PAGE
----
About Pearl

How to measure the quality of pearls?

The quality, and the value of a pearl is measured after taking in to consideration a combination of several different factors; like the type of pearl, luster, surface, shape, color and size. Because the pearl is a naturally occurring organic gemstone, created by living creatures, these factors can, and do vary. Although all of them affect the ultimate value of a given pearl, some of the factors are more objective, while others are more a matter of taste or preference.

The type of pearl is perhaps the most basic factor to consider: whether the pearl is a freshwater pearl, an akoya pearl or a South Sea pearl. Each type of pearl is created by a different species of oyster, usually living in a different region of the world and under varying climatic conditions. Some types of pearls are rarer than others, increasing their value significantly for that reason alone.

Luster is the amount of light a pearl reflects. The luster of good quality pearls is sharp and bright. You should be able to see your reflection clearly on the surface of a pearl.

The appearance of the surface of the pearl is perhaps one of its most critical characteristics. The surface should be smooth and clean, without spots, discolorations, or other disfiguring characteristics. The cleaner the surface of the pearl, the more valuable it is; although tiny marks are part of a pearl's natural texture and proof of its genuine origin.

The shape of the pearl is one important area where value and personal taste may diverge. Perfectly round pearls are extremely rare, and therefore very expensive. However, pearls come in a wide variety of interesting and unique shapes, and you may find some of these shapes even more appropriate to your own taste and personality. Button pearls are slightly flattened into a disk-like "button" shape; drop pearls are teardrop-shaped; ringed pearls exhibit a series of concentric indentations or rings; and baroque pearls are abstract and asymmetrical. Many high-quality pearls can be found in these alternate shapes - often at lower prices than a perfectly round pearl of the same quality - and you may find the unique shape to be even more personally appealing and satisfying.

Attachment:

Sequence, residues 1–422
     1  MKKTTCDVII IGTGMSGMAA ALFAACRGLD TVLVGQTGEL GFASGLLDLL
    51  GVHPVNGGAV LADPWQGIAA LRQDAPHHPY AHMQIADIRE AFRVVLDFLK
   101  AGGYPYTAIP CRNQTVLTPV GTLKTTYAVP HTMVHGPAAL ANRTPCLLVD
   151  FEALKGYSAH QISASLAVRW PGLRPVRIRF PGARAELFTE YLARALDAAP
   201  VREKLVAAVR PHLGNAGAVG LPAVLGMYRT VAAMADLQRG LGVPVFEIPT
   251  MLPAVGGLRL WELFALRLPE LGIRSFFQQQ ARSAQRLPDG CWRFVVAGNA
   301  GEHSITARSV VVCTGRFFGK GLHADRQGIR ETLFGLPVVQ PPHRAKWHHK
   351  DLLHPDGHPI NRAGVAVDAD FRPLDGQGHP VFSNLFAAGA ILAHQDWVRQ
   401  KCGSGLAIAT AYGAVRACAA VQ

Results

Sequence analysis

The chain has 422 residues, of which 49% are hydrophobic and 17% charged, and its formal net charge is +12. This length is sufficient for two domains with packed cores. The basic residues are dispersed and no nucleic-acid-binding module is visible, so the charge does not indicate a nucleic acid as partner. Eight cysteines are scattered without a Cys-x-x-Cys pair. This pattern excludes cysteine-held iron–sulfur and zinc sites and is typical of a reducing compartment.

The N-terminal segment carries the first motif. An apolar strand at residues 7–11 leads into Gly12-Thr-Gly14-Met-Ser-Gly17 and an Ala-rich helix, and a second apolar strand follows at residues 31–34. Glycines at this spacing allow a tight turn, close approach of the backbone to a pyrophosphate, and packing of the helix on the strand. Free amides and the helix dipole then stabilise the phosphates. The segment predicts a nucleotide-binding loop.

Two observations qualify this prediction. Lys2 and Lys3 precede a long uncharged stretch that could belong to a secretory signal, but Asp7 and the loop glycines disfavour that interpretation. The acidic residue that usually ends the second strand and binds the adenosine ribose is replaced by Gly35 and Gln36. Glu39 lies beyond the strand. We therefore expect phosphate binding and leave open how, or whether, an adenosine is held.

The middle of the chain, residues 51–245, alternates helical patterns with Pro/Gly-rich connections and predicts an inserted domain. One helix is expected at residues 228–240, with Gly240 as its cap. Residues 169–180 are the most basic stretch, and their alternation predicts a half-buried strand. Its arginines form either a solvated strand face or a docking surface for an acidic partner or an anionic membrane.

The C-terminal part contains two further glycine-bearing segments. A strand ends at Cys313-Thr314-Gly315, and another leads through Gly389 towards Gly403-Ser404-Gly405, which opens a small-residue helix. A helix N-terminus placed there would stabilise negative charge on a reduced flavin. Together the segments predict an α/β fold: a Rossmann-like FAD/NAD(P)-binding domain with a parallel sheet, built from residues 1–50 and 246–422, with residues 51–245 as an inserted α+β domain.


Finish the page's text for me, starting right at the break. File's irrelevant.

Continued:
Pearls can be found in a vast range of colours such as white, silvery white, cream, pink, gray, golden, peach, mauve, black and many others. Colour is not an indication of quality. No one colour is better than another. However, some shades are more popular, and therefore more valued than others.

Size is a major factor in determining the price of a pearl. Generally the larger the pearl, the more rare it is and consequently the more valuable it is. A pearl's size is expressed in terms of its diameter, which is measured in millimeters. A small difference in size may raise the price significantly. Pearls can be smaller than 1 millimeter and as large as 20 mm and more.

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